Juvenile Detention: The Solution or The Problem Behind Offenses by Youths?

Juvenile detention costs New York City taxpayers $200,000 per year per youth. In dollars.

There are other, social costs. Juvenile detention may be viewed as the proverbial fork in the road, where young people are more likely to veer off on the path toward a life of repeat offender crimes.

The alternative to juvenile detention, community-based counseling and probation programs, costs substantially less. In dollars. And in social costs. It reduces recidivism.

But New York State’s policies incentivize confining youths in juvenile detention centers rather than community programs. To the tune of reimbursing the city fifty (50%) percent of the costs of detention.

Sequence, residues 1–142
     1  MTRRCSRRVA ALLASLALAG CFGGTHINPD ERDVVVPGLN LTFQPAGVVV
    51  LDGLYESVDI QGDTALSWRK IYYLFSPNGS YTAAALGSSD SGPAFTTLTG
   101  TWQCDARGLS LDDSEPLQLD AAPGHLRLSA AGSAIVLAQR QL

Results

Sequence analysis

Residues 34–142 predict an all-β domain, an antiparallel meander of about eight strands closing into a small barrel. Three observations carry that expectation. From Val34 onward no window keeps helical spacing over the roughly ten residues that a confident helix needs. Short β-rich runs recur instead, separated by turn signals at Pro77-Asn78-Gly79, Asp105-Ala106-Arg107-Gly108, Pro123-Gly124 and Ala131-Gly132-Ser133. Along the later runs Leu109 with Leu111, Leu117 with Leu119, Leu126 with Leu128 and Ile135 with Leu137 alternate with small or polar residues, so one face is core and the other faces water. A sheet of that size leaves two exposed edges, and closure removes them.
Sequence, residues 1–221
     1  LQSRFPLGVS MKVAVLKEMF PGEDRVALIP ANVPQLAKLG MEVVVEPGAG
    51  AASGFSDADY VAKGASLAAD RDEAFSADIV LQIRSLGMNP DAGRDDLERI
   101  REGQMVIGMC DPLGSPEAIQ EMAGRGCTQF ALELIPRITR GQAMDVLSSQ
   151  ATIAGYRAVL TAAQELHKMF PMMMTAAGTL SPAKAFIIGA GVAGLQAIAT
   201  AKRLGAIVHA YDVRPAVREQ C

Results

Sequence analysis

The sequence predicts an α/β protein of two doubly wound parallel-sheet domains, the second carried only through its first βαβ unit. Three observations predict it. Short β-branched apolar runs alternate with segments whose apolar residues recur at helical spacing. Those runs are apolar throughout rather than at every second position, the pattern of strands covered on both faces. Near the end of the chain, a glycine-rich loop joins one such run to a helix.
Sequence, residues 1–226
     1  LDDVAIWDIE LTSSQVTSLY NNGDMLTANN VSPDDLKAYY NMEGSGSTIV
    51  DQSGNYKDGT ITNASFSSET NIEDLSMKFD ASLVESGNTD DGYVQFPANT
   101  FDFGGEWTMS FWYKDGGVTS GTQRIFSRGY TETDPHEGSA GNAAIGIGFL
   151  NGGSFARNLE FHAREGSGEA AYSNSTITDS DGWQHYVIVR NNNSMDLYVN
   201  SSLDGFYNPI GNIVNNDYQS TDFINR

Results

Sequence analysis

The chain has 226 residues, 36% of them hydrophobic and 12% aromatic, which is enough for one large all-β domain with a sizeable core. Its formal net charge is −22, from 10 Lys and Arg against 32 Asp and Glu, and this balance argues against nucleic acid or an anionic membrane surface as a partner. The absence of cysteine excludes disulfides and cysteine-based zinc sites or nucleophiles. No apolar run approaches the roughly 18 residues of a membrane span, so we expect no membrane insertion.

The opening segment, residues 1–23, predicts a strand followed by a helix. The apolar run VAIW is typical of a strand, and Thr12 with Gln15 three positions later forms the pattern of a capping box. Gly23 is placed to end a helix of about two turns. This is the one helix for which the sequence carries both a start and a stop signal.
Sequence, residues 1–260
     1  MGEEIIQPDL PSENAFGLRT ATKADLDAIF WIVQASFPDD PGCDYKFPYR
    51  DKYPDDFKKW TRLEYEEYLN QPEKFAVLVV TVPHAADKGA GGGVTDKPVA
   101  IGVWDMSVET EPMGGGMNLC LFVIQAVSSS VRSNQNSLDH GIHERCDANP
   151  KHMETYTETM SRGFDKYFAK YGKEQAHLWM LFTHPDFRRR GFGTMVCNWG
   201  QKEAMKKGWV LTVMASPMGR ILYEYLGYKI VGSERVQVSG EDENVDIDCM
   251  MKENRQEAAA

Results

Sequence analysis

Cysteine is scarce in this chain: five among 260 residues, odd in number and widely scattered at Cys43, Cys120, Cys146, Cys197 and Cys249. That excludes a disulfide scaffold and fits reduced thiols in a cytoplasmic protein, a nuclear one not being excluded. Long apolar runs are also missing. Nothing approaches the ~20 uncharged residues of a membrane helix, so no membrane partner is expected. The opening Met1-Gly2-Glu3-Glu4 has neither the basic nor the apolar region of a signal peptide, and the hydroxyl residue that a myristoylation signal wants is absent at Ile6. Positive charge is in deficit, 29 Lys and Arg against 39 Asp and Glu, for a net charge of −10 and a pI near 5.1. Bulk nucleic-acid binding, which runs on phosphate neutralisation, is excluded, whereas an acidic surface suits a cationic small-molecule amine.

Reimbursement of community-based programs? A whopping zero (0%) percent. Zip.

What’s wrong with that picture for our children?

What has Florida’s juvenile justice system learned from studies such as this?

What can it still learn from its juvenile justice system as laboratory?

Read more in this New York Times editorial: Juvenile Detention Trap.